Here’s a simple poll idea we’re amazed we hadn’t thought of before: asking famous writers to pick their favorite words. In The Guardian, Hilary Mantel, Tessa Hadley and others (including Year in Reading alum Eimear McBride) choose their picks for an exceedingly odd vocabulary list.
“We don’t want to run a for-profit business, or even a break-even business that’s based on income. It’s something that would not return a great deal of money for us and would create an adversarial role.” The Huffington Post reports on the growing number of libraries dropping overdue fines. Pair with Daniel Penev on why public libraries have a more vital role to play in the culture than ever before.
“Per one estimate, 96 of the 154 sonnets credited to Shakespeare contain rhymes that have since been lost to linguistic history.” The Atlantic writes on why we should be laughing more when we read Shakespeare. If you’d prefer to revere him, here’s a piece on Shakespeare as God.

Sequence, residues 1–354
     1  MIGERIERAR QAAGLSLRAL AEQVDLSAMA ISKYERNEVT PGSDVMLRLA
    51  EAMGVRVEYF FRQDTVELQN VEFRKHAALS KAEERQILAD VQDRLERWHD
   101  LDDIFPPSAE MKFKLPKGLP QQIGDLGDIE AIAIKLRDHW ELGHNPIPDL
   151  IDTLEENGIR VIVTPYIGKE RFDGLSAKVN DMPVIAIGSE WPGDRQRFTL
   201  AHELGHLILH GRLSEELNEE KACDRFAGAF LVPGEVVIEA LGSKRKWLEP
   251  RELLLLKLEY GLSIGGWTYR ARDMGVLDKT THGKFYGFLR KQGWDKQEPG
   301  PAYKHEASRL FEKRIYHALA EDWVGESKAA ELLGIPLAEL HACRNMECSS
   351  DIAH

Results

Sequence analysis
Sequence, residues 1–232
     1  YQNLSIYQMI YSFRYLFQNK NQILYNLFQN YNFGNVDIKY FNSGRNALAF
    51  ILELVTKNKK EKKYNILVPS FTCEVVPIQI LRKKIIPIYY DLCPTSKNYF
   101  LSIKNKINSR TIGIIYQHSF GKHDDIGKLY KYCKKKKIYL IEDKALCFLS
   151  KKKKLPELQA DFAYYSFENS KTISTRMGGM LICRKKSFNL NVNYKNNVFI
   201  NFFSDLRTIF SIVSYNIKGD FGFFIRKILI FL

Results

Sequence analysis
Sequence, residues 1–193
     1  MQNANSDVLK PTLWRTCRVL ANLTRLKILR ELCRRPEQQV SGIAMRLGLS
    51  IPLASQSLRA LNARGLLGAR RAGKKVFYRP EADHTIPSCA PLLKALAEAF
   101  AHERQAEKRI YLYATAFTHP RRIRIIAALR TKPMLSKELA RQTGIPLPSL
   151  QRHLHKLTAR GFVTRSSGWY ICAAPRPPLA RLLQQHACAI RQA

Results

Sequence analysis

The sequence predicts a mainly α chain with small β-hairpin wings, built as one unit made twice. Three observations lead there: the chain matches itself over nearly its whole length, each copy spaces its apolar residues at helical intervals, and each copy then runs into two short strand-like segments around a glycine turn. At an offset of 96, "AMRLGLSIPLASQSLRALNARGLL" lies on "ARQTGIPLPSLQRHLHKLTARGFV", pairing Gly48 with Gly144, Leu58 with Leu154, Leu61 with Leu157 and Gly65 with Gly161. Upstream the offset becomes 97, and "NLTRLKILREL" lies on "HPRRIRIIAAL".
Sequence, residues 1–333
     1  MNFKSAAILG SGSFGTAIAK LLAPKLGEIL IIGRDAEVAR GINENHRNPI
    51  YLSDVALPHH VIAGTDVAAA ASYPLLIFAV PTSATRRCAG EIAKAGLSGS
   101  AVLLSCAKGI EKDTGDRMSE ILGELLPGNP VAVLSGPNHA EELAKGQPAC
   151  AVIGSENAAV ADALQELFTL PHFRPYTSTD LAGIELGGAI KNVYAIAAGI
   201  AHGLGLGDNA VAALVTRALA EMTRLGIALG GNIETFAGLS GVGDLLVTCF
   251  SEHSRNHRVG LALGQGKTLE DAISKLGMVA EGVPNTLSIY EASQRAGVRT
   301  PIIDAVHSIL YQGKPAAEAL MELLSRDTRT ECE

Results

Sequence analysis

Duncan Murrell has a new essay up on the Harper’s Magazine blog about how difficult it is for journalists to speak to their sources through interpreters. “I became concerned that my interpreters were not delivering my words in the way I delivered them and in precisely the way I meant them,” he writes.
The latest in virtual author appearances, an especially useful option for literary venues in the snowy midwest during winter: Hannah Tinti on Skype (audio and video) in Minneapolis via the Magers & Quinn “Books & Bars” Book Club series.